Drug money


For nearly two years, New Hampshire has been focused on opioid-use disorders, funneling millions of dollars into combating the epidemic.

But with each dollar that came to treatment centers through the State Opioid Response grant programs, there was no equivalent funding received to help those with other substance-use disorders.

To help, U.S. Sen. Jeanne Shaheen, D-N.H., announced Monday a provision in new funding legislation being voted on this week for fiscal year 2020, allowing treatment providers to also use these federal grants for people suffering from cocaine and methamphetamine dependencies.

During a news teleconference Monday afternoon, staff members of Shaheen’s office noted treatment centers had been asking for this flexibility in funding.

“It’s a very smart move for her to broaden the availability of funding for additional substances,” said Jocelyn Goldblatt, executive director of the Keene Serenity Center, a recovery community that offers treatment referrals, recovery coaches and support groups. “I’m not sure why we fund by substance anyway, since addiction is not always substance specific [with] changes with the market and environment.”

Data from the U.S. Substance Abuse and Mental Health Services Administration show 25,000 New Hampshire residents reported cocaine use between 2016 and 2017, the latest data available, and 8,000 said they had used meth in that time period.

For 2018, which had 471 fatal overdoses confirmed statewide, cocaine was involved in 65 and methamphetamine in 22, according to data from the N.H. Office of the Medical Examiner.

While opioids remain dominant in the region — and most cases involving cocaine and meth in 2018 involved opioids, too — meth use has been growing statewide and locally.

Data from the N.H. medical examiner’s office show 2018 was the highest year for meth-related deaths since 2012, the last year available in the office’s report. For cocaine, last year’s number of fatal overdoses is the second-highest, compared to 2016 with 66 reported deaths.

Grant funding

The two-year State Opioid Response grant program — administered by the U.S. Substance Abuse and Mental Health Services Administration — gives state governments funding for prevention, treatment and recovery programs.

New Hampshire received the first allotment of the grant and supplemental funding, totaling more than $34 million, in September 2018 and May 2019, respectively.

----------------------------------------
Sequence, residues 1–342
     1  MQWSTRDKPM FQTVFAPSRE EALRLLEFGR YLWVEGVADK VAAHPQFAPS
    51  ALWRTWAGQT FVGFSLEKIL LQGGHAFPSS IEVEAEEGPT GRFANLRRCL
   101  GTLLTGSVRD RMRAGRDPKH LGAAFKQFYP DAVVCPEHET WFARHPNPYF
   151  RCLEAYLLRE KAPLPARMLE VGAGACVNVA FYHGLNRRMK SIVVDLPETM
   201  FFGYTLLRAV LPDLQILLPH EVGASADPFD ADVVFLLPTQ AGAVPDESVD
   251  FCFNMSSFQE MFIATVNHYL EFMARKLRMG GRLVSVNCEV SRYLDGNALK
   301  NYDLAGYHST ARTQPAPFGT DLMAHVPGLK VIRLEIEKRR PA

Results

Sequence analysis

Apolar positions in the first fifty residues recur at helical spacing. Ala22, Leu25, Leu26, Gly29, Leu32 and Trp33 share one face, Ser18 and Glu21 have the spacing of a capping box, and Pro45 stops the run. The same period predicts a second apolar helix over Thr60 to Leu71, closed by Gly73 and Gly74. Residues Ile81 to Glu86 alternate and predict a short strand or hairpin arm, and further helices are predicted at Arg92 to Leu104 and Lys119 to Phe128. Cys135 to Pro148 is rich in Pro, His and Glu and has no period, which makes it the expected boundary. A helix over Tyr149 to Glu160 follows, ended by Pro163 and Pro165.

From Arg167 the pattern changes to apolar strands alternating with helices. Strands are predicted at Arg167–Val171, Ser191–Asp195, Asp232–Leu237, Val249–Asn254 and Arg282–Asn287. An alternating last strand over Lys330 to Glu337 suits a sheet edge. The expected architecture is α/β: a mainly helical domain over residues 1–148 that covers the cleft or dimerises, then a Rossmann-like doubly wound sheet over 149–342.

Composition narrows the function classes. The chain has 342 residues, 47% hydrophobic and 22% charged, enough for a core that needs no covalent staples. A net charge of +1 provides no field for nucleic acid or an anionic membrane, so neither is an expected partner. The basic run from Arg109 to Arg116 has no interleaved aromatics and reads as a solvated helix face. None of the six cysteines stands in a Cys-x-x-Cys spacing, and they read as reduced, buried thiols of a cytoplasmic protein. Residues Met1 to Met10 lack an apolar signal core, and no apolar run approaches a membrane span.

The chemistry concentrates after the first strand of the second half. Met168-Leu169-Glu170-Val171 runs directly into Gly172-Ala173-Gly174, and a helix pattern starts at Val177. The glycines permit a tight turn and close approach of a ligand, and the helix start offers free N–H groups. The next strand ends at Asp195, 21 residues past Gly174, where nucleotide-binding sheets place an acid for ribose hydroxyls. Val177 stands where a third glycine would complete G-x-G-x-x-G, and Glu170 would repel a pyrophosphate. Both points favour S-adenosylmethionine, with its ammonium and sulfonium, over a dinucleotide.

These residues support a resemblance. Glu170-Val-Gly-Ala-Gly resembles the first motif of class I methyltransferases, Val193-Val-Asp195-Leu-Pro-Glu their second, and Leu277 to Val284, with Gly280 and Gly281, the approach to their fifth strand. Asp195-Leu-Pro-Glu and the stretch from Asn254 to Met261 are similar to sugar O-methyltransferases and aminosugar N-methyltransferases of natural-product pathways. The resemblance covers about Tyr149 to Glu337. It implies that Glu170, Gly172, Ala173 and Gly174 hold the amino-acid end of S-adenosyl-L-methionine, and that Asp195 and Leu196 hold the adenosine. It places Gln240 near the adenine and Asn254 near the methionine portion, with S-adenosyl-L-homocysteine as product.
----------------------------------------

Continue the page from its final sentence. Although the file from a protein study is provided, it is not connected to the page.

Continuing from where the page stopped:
The first round of money went toward establishing The Doorway programs, a statewide effort to create a “hub and spoke” system for referrals and recovery services. Funding also was used to further relationships with local providers and increase medication-assisted treatment, N.H. Department of Health and Human Services spokesman Jake Leon said previously.

The state was awarded nearly $23 million for its second installment of the grant in September, which the department received around October, Leon said Monday.

The grant program’s new flexibility ties into Shaheen’s bill, the “Turn the Tide Act,” which was introduced in July. The bill would increase the program’s funding from $1.5 billion per year to $5.5 billion per year, in addition to raising the Medicaid reimbursement rate for medical professionals treating substance-use disorders.

“The substance use disorder epidemic we’re facing today isn’t the same one we were fighting a few years ago, so as this crisis evolves so should our response,” Shaheen said in a news release.

Those seeking recovery resources in Cheshire County can visit the The Doorway at 640 Marlboro Road in Keene (the Curran Building on Route 101) Monday through Friday, from 8 a.m. to 5 p.m., or seek support through the state’s 24/7 hotline at 211.

This article has been changed to add data on methamphetamine and cocaine use in New Hampshire provided by Sen. Shaheen's office after this story was published.

Olivia Belanger can be reached at 352-1234, extension 1439, or obelanger@keenesentinel.com.